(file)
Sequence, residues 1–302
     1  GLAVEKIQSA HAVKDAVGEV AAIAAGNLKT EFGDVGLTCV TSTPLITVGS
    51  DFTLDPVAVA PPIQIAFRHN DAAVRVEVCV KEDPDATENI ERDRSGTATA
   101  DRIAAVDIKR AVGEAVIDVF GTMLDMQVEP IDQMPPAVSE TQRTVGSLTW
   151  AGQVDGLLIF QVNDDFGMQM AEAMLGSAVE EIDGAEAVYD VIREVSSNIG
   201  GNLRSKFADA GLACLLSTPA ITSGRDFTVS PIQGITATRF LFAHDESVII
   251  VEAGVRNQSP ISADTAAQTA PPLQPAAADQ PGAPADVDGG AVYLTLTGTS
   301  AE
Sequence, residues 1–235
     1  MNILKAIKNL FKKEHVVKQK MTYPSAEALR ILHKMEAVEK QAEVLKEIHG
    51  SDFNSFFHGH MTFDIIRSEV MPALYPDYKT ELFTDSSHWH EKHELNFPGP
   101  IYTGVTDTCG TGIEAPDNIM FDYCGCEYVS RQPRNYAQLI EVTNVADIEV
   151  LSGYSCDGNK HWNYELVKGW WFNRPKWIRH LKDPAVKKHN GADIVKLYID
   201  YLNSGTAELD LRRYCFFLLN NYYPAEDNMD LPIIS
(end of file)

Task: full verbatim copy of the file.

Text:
Sequence, residues 1–302
     1  GLAVEKIQSA HAVKDAVGEV AAIAAGNLKT EFGDVGLTCV TSTPLITVGS
    51  DFTLDPVAVA PPIQIAFRHN DAAVRVEVCV KEDPDATENI ERDRSGTATA
   101  DRIAAVDIKR AVGEAVIDVF GTMLDMQVEP IDQMPPAVSE TQRTVGSLTW
   151  AGQVDGLLIF QVNDDFGMQM AEAMLGSAVE EIDGAEAVYD VIREVSSNIG
   201  GNLRSKFADA GLACLLSTPA ITSGRDFTVS PIQGITATRF LFAHDESVII
   251  VEAGVRNQSP ISADTAAQTA PPLQPAAADQ PGAPADVDGG AVYLTLTGTS
   301  AE
Sequence, residues 1–235
     1  MNILKAIKNL FKKEHVVKQK MTYPSAEALR ILHKMEAVEK QAEVLKEIHG
    51  SDFNSFFHGH MTFDIIRSEV MPALYPDYKT ELFTDSSHWH EKHELNFPGP
   101  IYTGVTDTCG TGIEAPDNIM FDYCGCEYVS RQPRNYAQLI EVTNVADIEV
   151  LSGYSCDGNK HWNYELVKGW WFNRPKWIRH LKDPAVKKHN GADIVKLYID
   201  YLNSGTAELD LRRYCFFLLN NYYPAEDNMD LPIIS